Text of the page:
The Hay Inclined Plane is a canal inclined plane in the Ironbridge Gorge in Shropshire, with a height of 207 feet (63 m). It was located on a short stretch of the Shropshire Union Canal that linked the industrial area of Blists Hill with the River Severn. The inclined plane was in operation from 1792 to 1894. It can be visited as part of the Blists Hill Victorian Town.

An inclined plane is a system used on some canals for raising boats between different water levels.

Typically, such a feature consists of a slope, up which there are two sets of rail tracks, and boats are raised between different levels by sailing into giant water-filled tanks, or caissons, which have wheels on the bottom and watertight doors at each end, and which are perpendicular to the slope. These are then drawn up or down hill on the rails, usually by means of cables being pulled by a stationary engine. In almost all designs two caissons are used, one going up and one down, to act as counterweights to make the system more efficient. When the caisson has reached the top or bottom of the slope, the doors are opened and the boat leaves. On some canals an inclined plane was used just to the transfer the loads up or down to the boats on a rail system.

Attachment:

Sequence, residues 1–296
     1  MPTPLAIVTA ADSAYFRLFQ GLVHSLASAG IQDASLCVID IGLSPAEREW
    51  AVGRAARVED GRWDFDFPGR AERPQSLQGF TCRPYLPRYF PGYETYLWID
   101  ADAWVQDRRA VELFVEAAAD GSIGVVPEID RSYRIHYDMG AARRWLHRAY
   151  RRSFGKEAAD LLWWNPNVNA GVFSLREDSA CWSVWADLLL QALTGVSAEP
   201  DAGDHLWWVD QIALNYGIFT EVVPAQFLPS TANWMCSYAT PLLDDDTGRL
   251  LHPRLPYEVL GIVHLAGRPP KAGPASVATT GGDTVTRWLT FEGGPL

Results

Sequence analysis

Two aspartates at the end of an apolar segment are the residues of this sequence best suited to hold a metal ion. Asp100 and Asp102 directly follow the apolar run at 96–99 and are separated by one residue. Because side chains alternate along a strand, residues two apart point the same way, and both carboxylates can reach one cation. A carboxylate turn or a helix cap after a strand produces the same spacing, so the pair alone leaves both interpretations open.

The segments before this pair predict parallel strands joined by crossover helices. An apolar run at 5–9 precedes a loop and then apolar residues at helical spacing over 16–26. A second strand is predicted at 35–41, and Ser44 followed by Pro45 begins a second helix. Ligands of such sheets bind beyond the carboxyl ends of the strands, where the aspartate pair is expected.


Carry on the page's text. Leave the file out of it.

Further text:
The slots in the thumbnail were the perfect size for custom made barges carrying coal and iron ore. They would pull into the slot, be pulled out on rails and winched down the inclined track to the SW to the Severn River.
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By: kjfitz



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